Not every trans person fits the narrative

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Not every trans person fits the narrative

Bre Parks

Bre Parks

Bre Parks

By Allie Page, Opinions Writer

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There is no single way to be a trans person. Trans stories vary greatly from one another – after all, we’re a diverse demographic. According to the Williams Institute, there are approximately 1.4 million transgender adults in the United States alone. As with any other large group, trans people come in all personality types, ranges of interests and histories.

However, the public seems to hold a stereotypical “trans narrative”, which includes the following misconceptions:
The idea that all trans women are highly feminine from birth, and that trans men are all highly masculine.
The idea that trans women always like men and trans men always like women.
The idea that trans people “always know,” and that there are obvious signs visible to all around them prior to coming out.
The idea that transitioning is the same for everyone, and that it always ends with genital surgery.

In some ways, my story as a trans woman fits the narrative. Some of my earliest memories were of wanting to be a woman. Seeing puberty masculinize my body was torturous. Also, I do have feminine tendencies, which has made my transition go smoothly.

But there are some discrepancies. While I was feminine, I wasn’t flamboyant. While I had no masculine interests, I didn’t play with Barbie dolls either, and I never pranced around or pretended to be a princess. I was more reserved. Instead, I gravitated towards art, music and science.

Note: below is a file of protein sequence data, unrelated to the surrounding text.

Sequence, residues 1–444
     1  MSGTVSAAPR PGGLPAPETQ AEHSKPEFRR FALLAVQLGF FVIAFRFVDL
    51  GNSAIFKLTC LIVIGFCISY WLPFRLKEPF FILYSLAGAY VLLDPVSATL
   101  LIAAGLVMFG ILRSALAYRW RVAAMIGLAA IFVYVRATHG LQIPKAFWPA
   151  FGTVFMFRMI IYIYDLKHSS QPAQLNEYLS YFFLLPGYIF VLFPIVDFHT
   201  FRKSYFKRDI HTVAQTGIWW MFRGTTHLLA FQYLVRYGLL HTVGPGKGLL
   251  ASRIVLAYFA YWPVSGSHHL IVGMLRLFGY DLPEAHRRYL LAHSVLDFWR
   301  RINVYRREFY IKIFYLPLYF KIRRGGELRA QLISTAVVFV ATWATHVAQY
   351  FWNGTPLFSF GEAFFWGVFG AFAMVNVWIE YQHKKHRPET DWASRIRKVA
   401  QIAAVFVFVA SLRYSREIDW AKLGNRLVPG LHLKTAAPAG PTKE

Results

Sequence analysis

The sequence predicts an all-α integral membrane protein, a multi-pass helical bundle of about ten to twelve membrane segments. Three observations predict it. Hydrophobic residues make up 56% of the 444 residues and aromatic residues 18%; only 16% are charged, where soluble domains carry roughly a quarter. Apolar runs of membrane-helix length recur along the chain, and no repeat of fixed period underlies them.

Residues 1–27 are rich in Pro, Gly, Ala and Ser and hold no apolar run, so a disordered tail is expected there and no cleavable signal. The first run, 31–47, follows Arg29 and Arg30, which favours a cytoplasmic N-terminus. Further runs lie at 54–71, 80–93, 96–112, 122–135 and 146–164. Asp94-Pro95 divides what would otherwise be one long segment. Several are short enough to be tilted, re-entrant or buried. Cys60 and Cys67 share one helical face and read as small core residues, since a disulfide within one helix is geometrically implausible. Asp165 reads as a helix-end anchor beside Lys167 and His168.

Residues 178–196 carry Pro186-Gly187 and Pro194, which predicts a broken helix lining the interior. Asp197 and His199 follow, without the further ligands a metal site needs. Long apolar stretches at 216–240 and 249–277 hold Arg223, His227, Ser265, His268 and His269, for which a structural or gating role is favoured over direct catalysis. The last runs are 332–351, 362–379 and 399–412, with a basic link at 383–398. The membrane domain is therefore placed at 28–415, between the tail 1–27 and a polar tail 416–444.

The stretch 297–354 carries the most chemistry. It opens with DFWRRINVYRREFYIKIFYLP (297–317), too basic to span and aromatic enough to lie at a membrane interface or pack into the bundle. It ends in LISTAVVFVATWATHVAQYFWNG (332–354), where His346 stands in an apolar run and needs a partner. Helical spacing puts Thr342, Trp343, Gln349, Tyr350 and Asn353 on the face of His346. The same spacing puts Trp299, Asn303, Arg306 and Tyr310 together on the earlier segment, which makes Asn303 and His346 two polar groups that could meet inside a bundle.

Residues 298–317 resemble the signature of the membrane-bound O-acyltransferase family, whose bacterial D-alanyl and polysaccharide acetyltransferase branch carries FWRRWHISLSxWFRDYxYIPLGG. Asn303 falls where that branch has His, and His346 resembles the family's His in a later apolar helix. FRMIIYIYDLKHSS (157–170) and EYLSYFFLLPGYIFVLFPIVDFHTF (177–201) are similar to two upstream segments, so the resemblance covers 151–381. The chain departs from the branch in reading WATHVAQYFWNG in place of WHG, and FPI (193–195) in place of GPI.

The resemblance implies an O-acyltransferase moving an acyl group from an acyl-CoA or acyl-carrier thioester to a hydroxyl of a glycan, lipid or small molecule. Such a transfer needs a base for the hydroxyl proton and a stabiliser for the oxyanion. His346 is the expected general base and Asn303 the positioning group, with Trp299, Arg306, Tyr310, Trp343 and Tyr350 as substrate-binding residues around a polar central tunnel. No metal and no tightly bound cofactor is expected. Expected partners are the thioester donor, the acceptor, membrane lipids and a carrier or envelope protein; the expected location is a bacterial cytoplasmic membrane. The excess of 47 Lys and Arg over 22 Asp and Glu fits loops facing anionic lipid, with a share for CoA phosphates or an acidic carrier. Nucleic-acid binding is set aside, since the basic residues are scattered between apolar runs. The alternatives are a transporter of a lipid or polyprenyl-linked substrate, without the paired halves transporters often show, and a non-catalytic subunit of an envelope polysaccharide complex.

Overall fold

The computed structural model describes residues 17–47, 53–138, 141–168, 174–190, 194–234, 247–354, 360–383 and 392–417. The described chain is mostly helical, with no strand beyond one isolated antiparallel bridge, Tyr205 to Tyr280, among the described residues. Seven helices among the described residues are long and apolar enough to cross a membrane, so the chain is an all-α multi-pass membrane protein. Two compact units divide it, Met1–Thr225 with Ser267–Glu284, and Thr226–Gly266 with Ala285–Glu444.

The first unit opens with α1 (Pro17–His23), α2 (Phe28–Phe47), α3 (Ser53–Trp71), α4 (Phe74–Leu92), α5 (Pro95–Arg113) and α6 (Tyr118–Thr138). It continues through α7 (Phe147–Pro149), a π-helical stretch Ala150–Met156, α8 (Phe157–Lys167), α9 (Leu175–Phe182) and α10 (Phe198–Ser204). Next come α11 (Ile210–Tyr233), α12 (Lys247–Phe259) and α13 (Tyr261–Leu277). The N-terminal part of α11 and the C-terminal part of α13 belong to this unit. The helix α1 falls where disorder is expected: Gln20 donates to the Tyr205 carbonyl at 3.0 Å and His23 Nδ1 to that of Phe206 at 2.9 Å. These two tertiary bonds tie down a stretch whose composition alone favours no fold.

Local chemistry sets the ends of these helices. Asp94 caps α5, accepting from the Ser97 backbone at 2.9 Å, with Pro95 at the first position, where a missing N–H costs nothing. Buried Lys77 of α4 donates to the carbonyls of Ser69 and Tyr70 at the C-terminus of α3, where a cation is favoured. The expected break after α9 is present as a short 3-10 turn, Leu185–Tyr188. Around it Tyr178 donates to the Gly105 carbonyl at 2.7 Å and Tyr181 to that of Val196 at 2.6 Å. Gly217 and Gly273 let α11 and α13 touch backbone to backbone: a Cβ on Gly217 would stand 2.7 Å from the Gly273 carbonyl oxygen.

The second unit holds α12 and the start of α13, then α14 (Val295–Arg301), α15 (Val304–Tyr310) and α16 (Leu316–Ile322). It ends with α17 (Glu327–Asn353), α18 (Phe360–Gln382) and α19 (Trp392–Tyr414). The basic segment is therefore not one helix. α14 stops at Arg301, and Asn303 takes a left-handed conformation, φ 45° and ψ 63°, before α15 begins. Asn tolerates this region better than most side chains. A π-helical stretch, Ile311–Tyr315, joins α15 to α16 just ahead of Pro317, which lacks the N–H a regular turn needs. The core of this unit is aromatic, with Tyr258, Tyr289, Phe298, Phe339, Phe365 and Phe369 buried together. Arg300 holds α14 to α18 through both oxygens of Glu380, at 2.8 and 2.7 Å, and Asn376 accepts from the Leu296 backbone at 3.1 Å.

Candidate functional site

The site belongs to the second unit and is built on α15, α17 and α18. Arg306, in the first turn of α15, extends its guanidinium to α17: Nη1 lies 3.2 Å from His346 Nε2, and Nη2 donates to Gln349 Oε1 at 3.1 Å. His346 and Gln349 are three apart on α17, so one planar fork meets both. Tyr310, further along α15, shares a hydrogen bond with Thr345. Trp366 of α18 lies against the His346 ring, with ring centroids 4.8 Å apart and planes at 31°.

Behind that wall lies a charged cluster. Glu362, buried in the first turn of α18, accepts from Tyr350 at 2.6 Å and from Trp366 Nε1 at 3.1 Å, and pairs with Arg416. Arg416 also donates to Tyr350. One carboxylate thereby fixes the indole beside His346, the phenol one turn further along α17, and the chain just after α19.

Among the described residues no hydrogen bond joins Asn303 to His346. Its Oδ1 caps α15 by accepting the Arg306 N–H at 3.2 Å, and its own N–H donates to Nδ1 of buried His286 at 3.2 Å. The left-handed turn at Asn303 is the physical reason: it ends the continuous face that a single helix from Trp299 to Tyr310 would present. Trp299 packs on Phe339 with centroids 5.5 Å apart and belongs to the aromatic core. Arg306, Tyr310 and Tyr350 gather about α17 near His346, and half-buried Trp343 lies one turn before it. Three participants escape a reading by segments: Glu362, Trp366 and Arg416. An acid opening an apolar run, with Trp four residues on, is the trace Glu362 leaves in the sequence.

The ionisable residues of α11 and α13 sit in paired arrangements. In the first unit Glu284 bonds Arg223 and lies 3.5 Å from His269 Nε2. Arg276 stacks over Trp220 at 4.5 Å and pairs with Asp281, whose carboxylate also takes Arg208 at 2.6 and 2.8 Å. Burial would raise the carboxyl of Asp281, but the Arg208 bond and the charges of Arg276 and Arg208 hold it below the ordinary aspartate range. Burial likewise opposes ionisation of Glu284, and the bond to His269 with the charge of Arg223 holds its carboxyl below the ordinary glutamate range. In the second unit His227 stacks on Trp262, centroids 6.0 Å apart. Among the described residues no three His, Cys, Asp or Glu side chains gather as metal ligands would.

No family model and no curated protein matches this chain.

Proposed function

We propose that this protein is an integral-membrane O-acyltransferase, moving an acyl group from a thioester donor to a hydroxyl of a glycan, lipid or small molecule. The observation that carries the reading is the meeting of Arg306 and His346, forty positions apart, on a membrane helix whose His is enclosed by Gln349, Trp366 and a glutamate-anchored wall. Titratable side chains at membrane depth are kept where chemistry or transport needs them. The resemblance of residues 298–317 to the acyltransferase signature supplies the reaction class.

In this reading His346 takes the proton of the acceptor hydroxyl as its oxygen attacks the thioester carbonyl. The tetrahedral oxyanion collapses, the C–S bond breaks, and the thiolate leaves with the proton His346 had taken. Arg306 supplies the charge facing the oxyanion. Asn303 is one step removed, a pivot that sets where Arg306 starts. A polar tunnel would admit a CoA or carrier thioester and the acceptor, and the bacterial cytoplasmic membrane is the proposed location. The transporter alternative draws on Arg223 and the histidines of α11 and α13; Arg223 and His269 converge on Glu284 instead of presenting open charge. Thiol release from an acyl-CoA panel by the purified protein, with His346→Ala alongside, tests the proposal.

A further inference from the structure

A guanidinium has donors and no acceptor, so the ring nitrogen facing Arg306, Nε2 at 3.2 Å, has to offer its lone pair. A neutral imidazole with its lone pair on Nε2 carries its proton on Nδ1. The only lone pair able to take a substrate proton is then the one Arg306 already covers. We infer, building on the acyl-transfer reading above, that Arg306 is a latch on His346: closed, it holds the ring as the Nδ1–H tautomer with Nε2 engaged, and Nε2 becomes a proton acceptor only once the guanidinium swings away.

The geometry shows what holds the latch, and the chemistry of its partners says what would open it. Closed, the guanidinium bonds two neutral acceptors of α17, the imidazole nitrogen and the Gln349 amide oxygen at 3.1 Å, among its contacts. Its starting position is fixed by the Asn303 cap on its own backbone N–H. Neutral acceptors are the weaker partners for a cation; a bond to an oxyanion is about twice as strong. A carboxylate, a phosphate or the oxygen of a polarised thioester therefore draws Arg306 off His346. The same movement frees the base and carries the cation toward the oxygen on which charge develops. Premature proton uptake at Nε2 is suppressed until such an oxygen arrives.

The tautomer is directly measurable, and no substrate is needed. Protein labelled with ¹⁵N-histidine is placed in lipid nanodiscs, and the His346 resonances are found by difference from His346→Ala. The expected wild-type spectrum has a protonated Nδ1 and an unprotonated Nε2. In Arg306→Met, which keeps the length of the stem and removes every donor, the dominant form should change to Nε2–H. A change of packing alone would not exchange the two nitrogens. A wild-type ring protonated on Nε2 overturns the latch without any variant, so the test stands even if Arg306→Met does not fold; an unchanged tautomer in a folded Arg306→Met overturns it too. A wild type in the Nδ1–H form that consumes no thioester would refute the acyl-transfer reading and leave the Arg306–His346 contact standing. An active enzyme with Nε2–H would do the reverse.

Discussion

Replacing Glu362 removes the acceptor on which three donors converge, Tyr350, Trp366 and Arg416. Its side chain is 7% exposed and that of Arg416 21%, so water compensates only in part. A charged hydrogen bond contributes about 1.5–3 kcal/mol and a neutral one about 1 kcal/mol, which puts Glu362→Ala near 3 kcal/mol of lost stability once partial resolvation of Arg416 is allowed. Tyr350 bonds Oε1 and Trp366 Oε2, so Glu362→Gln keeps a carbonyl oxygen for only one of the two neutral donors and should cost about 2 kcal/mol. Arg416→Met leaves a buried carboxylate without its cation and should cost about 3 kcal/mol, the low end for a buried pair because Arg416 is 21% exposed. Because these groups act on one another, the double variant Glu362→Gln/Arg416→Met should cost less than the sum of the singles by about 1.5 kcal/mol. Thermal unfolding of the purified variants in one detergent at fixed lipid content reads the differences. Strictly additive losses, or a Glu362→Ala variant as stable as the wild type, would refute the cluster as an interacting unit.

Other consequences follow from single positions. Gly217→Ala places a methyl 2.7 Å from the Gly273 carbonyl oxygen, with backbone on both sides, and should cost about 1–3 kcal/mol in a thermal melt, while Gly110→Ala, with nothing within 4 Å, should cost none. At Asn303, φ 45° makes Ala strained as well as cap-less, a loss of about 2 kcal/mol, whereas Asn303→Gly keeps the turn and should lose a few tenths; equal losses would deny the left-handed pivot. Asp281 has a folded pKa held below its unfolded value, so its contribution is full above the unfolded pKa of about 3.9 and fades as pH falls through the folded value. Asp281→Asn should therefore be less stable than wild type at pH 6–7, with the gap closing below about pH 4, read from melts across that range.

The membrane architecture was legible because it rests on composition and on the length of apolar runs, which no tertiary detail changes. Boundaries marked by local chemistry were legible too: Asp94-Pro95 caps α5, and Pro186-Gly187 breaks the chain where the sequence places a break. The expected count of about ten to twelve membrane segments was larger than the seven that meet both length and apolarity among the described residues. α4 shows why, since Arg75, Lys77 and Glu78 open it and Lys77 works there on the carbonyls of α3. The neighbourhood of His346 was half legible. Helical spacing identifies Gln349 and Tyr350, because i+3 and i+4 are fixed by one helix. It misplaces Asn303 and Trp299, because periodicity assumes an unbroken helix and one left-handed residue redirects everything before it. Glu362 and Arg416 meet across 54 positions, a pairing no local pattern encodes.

Furthermore, I’m bisexual and leaning towards lesbian. I was never one to go gaga over guys. Yes, it is possible to be trans and gay – the two don’t cancel each other out. According to a 2015 survey from the National Center for Trans Equality, 36 percent of trans women are bisexual or pansexual, and 27 percent are gay.

My mother, who knows me better than anyone but myself, was shocked and surprised when I came out, since the signs weren’t obvious. She was skeptical that I was really trans, since I didn’t fit the aforementioned mold. However, she grew into my biggest supporter as my transition progressed.

None of those things made me any less of a woman. Cis women don’t have to be hyper-feminine and heterosexual to be women, so why should trans women? What’s really important is that transitioning has improved my mental well-being and outlook on life. I feel at home in my body now – this is who I truly am.

Even living in Bakersfield, a tight-knit conservative community, I’m far from being alone in being atypical. One of my good trans woman friends is an auto mechanic and a self-proclaimed nerd. Several of my trans man friends are interested in makeup. And of course, not all trans people identify as men or women.

According to the American Psychological Association, 25 to 35 percent of the trans community is non-binary – that is, their gender identities are neither exclusively “male” nor “female.” Gender is a spectrum, much like colors and music. Understanding the nuances of this spectrum is crucial to understanding the true variation among trans people.

In short, there is no right or wrong way to be a man, a woman, or non-binary. It’s also important to keep an open mind and open set of ears. You never know who is trans or not – it can be as obvious as an elephant in a room, or as discrete as the arrow in the FedEx logo.